Volume 19, Issue 9, September 2019, Page 32-34.
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  • Filthy Lucre or Fitting Offer? Understanding Worries About Payments to Research Participants.Holly Fernandez Lynch, Ezekiel J. Emanuel & Emily A. Largent - 2019 - American Journal of Bioethics 19 (9):1-4.
    Volume 19, Issue 9, September 2019, Page 1-4.
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  • A Proposal for Fair Compensation for Research Participants.Emily E. Anderson - 2019 - American Journal of Bioethics 19 (9):62-64.
    Volume 19, Issue 9, September 2019, Page 62-64.
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  • Clinical Ultimatums: Coercion as Subjection.Jennifer S. Blumenthal-Barby, Mollie Gordon, John H. Coverdale & C. Maxwell Shannon - 2019 - American Journal of Bioethics 19 (9):54-56.
    Volume 19, Issue 9, September 2019, Page 54-56.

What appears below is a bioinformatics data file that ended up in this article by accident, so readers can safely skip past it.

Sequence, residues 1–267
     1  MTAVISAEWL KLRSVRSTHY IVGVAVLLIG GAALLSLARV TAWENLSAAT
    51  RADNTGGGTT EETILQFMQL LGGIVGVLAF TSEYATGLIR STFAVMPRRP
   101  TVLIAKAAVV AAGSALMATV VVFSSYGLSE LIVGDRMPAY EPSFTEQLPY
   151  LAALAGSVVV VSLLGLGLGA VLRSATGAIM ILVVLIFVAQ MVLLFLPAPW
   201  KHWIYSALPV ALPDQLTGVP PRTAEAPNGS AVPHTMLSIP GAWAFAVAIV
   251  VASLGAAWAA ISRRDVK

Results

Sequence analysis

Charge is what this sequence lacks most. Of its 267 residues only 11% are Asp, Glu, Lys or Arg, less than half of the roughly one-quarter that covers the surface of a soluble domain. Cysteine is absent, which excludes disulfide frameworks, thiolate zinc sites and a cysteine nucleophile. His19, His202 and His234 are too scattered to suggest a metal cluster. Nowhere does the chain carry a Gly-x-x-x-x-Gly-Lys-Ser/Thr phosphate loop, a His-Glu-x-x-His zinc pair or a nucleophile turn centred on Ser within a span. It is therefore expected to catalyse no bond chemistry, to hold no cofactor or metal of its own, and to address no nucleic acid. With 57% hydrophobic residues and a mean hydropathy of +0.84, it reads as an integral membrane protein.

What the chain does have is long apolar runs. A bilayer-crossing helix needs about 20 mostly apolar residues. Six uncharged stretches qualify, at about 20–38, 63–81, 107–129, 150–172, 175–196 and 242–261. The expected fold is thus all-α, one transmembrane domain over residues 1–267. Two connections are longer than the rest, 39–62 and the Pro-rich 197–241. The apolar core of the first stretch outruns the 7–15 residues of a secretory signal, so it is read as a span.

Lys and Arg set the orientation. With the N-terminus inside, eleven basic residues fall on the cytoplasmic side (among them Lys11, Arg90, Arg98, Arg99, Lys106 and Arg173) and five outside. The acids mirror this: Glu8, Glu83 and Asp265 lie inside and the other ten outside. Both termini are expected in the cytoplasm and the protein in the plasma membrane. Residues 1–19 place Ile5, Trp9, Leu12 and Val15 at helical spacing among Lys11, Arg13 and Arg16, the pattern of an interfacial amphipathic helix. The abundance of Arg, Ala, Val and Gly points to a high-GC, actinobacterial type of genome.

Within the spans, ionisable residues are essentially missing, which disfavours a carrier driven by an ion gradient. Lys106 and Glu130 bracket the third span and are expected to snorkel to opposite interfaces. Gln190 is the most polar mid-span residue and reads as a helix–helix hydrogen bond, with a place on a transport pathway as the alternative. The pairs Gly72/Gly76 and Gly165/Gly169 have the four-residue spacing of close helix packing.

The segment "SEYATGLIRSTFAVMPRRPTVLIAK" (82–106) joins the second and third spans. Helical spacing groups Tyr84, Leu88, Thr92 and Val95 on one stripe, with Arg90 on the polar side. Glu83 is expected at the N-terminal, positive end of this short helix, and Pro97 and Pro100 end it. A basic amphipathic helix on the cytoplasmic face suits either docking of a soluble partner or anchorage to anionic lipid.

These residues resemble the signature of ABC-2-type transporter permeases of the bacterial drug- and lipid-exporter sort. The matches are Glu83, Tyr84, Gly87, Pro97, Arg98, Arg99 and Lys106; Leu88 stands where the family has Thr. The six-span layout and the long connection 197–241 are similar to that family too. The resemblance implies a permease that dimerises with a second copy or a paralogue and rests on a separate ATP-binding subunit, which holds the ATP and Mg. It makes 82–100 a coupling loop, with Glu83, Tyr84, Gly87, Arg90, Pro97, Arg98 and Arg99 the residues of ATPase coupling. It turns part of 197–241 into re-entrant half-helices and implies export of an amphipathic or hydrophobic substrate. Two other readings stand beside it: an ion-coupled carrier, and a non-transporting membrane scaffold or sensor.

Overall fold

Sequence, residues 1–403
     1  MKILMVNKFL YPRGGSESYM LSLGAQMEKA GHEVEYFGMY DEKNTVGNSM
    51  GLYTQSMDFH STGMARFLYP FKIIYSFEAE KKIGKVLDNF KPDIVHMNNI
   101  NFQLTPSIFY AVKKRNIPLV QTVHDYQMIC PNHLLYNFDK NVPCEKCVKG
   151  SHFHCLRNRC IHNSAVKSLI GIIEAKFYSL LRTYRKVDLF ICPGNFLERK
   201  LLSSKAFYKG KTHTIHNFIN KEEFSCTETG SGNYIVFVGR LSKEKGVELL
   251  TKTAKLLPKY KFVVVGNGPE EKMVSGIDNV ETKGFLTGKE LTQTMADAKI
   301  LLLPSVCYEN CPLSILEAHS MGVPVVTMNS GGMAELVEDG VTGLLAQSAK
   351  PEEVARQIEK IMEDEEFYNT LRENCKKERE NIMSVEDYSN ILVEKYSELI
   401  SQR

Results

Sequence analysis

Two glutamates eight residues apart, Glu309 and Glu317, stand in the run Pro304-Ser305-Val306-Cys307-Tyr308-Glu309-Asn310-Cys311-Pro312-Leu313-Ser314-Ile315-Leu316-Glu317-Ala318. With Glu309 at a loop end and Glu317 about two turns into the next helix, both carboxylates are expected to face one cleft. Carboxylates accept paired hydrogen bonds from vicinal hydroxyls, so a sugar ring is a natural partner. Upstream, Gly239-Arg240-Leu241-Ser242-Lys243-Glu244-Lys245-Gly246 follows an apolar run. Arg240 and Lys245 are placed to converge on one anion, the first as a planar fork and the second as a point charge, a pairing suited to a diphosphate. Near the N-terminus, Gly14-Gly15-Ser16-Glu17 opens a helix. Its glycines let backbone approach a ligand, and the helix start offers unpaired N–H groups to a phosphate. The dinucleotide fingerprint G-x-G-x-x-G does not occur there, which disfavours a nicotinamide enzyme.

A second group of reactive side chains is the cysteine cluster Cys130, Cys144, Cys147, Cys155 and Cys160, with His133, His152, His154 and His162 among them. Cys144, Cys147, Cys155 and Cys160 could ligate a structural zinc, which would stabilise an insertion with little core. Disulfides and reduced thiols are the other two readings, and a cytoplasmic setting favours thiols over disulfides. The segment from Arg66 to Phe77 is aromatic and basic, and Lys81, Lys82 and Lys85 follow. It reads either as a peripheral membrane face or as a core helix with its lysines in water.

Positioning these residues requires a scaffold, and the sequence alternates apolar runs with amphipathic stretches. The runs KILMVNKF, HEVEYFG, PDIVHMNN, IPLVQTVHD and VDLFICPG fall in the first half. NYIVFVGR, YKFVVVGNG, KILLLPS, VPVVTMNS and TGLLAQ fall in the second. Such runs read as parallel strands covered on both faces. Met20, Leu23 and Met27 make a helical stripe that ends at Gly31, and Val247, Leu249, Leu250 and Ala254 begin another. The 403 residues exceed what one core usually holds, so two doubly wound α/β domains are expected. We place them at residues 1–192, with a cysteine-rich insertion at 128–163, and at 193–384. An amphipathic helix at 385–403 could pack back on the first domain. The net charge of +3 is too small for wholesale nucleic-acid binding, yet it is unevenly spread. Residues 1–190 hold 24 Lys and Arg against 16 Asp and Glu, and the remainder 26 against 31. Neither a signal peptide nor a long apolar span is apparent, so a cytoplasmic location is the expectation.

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  • Meaningful Work Is Indeed a Matter of Distributive Justice.Adrian Walsh - 2019 - American Journal of Bioethics 19 (9):52-54.
    Volume 19, Issue 9, September 2019, Page 52-54.
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  • Working for the Weekend Is Not Meaningful Work.Charles Weijer & Mackenzie Graham - 2019 - American Journal of Bioethics 19 (9):48-50.
    Volume 19, Issue 9, September 2019, Page 48-50.
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  • Passivity, Research Risks, and Worker-Type Protections for Research Subjects.Joanna Różyńska - 2019 - American Journal of Bioethics 19 (9):46-48.
    Volume 19, Issue 9, September 2019, Page 46-48.
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  • Partnering, Not Enduring: Citizen Science and Research Participation.Lisa M. Rasmussen & Toby Schonfeld - 2019 - American Journal of Bioethics 19 (9):44-45.
    Volume 19, Issue 9, September 2019, Page 44-45.
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  • Research Payment and Its Social Justice Concerns.Jill A. Fisher - 2019 - American Journal of Bioethics 19 (9):35-36.
    Volume 19, Issue 9, September 2019, Page 35-36.
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  • The Continued Complexities of Paying Research Participants.Christine Grady - 2019 - American Journal of Bioethics 19 (9):5-7.
    Volume 19, Issue 9, September 2019, Page 5-7.